Difference between Brown and White Eggs


Difference between Brown and White Eggs

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We have heard from many sources that brown eggs are more natural and far healthier than regular white eggs. But is this true or is this simply a myth that people keep passing around? It's true that most brown things are better than their white counterparts. Take brown bread for instance. Or whole wheat pasta, or brown rice, or brown sugar. We know they are healthier options than white bread, white sugar, and the like. But when it comes to eggs, the colour of the eggshell has nothing to do with the nutritional value of what's inside.

Egg substitutes are made from egg whites which probably come from white eggs. So a question comes in mind 'Is there any difference between white and brown egg?' Research tells us there's no nutritional difference. They all have 70 calories and 6 grams of protein. Both have the same shell thickness. The only difference: The brown egg's yolk is darker. Younger chickens lay eggs with harder shells.

The difference between white and brown eggs is all in your head. In fact, an egg from 3,000 miles away can be brown, and an egg from five miles away can be white. Just proves that marketing and public relations are powerful forces.

Differences between White and Brown Eggs

First, why are the white eggs considered regular eggs? Why are brown eggs not so commonly found? Why are the latter more expensive? The answer to all these questions lies in one simple fact: different breeds of chicken produce eggs of different colours.

The chickens that have light coloured feathers and white earlobes produce white eggs. The chickens that have reddish feathers and red earlobes produce brown eggs and these eggs have darker yolk. In fact, the pigment that gives brown eggs that brown hue - protoporphyrin IX - comes from the compound that makes blood red.

Chickens of some breeds (sort of rare breeds) produce blue eggs or blue-green eggs. Some even produce speckled eggs. Basically, eggs come in many colours and sizes. It all depends on the hen and what breed she is. As hens that lay brown eggs age, they tend to lay larger and lighter-brown eggs

Hens that are light coloured and small-sized ones eat less food compared to the reddish hens, who tend to be larger. Larger hens obviously have more appetite. Besides needing more food, reddish hens lay less eggs at a time. And because the hen is larger, each egg is large-sized. So, each egg has to be sold at a higher price. Most poultry farmers prefer breeding (and feeding) the smaller and lighter coloured hens.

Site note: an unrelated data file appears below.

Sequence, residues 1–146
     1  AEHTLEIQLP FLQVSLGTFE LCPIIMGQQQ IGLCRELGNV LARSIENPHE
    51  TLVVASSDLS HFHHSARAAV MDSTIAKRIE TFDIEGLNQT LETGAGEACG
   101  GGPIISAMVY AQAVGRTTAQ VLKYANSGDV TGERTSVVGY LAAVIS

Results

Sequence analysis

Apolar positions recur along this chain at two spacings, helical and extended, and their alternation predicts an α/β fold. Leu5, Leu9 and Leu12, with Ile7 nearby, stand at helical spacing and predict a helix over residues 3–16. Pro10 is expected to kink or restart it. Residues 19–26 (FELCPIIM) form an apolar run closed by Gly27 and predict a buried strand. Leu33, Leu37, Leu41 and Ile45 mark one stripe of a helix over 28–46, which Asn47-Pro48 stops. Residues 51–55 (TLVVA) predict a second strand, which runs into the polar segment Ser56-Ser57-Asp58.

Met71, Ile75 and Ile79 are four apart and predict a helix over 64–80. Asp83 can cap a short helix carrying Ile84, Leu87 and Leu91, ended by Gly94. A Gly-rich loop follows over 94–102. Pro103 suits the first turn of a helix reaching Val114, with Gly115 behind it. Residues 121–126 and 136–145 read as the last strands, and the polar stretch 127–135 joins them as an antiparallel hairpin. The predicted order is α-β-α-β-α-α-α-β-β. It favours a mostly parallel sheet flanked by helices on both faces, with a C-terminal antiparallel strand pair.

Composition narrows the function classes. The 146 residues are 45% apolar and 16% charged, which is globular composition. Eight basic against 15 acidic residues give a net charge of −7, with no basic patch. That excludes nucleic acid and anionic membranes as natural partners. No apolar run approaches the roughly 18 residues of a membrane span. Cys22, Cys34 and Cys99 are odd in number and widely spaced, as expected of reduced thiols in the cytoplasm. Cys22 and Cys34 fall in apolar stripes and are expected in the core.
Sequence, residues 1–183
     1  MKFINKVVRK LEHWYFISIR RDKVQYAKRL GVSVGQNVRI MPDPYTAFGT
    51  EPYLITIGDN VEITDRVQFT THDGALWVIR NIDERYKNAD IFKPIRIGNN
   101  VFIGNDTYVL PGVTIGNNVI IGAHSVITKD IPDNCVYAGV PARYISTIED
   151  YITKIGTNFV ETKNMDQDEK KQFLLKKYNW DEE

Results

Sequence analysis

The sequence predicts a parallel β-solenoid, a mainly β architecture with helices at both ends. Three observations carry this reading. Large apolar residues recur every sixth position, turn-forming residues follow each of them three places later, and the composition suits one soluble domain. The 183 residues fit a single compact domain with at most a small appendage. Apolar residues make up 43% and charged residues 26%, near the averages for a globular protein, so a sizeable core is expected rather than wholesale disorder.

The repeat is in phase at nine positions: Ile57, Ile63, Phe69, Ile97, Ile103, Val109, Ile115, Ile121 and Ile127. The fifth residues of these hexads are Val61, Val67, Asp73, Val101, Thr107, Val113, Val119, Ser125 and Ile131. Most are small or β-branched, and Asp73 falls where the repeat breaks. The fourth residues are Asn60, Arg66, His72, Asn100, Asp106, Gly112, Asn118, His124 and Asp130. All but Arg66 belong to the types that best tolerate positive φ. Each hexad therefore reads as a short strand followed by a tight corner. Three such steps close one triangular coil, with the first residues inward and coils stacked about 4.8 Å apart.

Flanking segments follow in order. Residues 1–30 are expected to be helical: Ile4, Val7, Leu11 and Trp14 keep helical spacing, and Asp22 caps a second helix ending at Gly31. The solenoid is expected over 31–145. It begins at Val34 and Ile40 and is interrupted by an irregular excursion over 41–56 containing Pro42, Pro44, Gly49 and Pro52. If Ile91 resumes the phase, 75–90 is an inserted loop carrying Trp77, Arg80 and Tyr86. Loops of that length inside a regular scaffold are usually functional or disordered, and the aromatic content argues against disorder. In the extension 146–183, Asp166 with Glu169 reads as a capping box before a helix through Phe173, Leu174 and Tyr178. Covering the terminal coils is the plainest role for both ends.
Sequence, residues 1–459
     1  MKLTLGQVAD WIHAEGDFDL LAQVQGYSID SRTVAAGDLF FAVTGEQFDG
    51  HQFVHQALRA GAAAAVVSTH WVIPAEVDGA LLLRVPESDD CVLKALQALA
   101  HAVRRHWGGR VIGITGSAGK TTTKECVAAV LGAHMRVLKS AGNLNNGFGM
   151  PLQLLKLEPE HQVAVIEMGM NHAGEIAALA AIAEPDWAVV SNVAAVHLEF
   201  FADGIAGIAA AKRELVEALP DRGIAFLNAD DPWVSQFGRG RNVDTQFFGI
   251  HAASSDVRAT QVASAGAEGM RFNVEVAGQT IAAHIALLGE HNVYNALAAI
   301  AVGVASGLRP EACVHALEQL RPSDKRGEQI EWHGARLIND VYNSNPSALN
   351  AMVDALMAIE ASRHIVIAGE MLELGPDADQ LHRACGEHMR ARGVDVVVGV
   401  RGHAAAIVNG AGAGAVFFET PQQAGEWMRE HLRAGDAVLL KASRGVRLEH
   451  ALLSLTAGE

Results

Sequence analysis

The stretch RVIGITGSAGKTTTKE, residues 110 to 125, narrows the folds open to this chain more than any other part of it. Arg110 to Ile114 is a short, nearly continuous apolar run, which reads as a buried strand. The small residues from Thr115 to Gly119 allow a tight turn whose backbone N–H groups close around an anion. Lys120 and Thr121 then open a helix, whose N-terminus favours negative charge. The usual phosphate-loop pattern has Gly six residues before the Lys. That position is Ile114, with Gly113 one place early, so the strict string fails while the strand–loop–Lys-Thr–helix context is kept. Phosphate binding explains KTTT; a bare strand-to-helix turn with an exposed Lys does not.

This is why white eggs are found everywhere and brown eggs are sometimes difficult to locate. Because brown eggs are not plentiful, we tend to attach the tags exclusive, natural and healthy to them. That' the bottom-line: The quality of eggs is directly dependent on the quality of life of the hens. The quality has nothing to do with eggshell or egg yolk colour. Several scientific studies have found that the colour of the eggshell has no significant effect on quality and composition of the egg white and egg yolk. All eggs are nutritionally very similar, regardless of size or colour. Eggs of all shades are healthy foods.

Are white eggs better for the environment?

As per the researches, its true that white eggs are more sustainable. White hens eat less and lay more eggs per year than brown hens. So less feed and transport are required, which is better for the environment.

Why do people prefer brown eggs?

In the old days, eggs from battery hens were while, so that colour is still associated with them, even though we no longer have battery hens now a days.

The first free-range eggs that came on the market were brown, which was a way for the producers to distinguish themselves. And people associate brown eggs with farm chickens that run around the farmyard. So its a pure marketing. The image is slowly changing now.

Does the color of chicken relates eggs?

The colour of the chicken doesn't always tell you much about the eggs. For that you have to look at their earlobes. Chickens with white earlobes lay white eggs, and chickens with earlobes of other colours lay brown eggs. Most white chickens do in fact have white earlobes, but there are white chickens that lay brown eggs, and the other way round.

Importance of Eggs as a Nutrition Food

Eggs are considered among the most widespread, popular and nutritious food and are less expensive than other equivalent animal protein sources. They play a vital role in many diets and are considered as a major source of essential nutrients. Specifically, they are an excellent source of high-quality and well balanced proteins as they contain all of the essential amino acids.

Eggs are one of the few foods used throughout the world and this character makes the egg industry an important section of the food industry that is primarily based on chicken eggs.

The Truth About Egg Color

  • There is no nutritional difference between white eggs and brown eggs. Regardless of color, all large eggs contain 6 grams of protein for only 70 calories.
  • All eggs start out white. Brown eggs simply receive an additional pigment at the end of the shell-making process.
  • Egg color depends on the breed of the hen.
  • Breeds that lay brown eggs require more feed to lay eggs, therefore their eggs can be more expensive.

Many people assume brown eggs are healthier than white eggs. But this is not true. White and Brown Eggs have same nutrients. Their rich, brown color does not mean brown eggs are better in quality or nutrients than white eggs.


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Difference between White Eggs vs Brown

Brown vs White Eggs

Differences between White Eggs vs Brown

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